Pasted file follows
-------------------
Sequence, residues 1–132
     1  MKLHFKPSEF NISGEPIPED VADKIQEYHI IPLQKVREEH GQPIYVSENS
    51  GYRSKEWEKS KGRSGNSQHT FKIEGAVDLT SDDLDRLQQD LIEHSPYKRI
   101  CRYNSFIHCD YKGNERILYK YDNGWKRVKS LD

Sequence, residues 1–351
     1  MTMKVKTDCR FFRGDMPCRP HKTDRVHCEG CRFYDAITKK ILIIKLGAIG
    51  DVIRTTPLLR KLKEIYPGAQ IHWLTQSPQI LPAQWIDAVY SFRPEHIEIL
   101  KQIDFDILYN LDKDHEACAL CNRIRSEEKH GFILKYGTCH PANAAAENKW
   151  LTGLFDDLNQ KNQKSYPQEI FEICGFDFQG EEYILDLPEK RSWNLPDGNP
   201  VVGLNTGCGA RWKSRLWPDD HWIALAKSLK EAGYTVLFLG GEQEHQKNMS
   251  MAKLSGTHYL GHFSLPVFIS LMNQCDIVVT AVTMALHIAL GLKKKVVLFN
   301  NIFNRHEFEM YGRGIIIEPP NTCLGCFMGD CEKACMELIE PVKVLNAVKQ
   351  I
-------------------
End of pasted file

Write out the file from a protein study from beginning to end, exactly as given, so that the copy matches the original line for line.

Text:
Sequence, residues 1–132
     1  MKLHFKPSEF NISGEPIPED VADKIQEYHI IPLQKVREEH GQPIYVSENS
    51  GYRSKEWEKS KGRSGNSQHT FKIEGAVDLT SDDLDRLQQD LIEHSPYKRI
   101  CRYNSFIHCD YKGNERILYK YDNGWKRVKS LD

Sequence, residues 1–351
     1  MTMKVKTDCR FFRGDMPCRP HKTDRVHCEG CRFYDAITKK ILIIKLGAIG
    51  DVIRTTPLLR KLKEIYPGAQ IHWLTQSPQI LPAQWIDAVY SFRPEHIEIL
   101  KQIDFDILYN LDKDHEACAL CNRIRSEEKH GFILKYGTCH PANAAAENKW
   151  LTGLFDDLNQ KNQKSYPQEI FEICGFDFQG EEYILDLPEK RSWNLPDGNP
   201  VVGLNTGCGA RWKSRLWPDD HWIALAKSLK EAGYTVLFLG GEQEHQKNMS
   251  MAKLSGTHYL GHFSLPVFIS LMNQCDIVVT AVTMALHIAL GLKKKVVLFN
   301  NIFNRHEFEM YGRGIIIEPP NTCLGCFMGD CEKACMELIE PVKVLNAVKQ
   351  I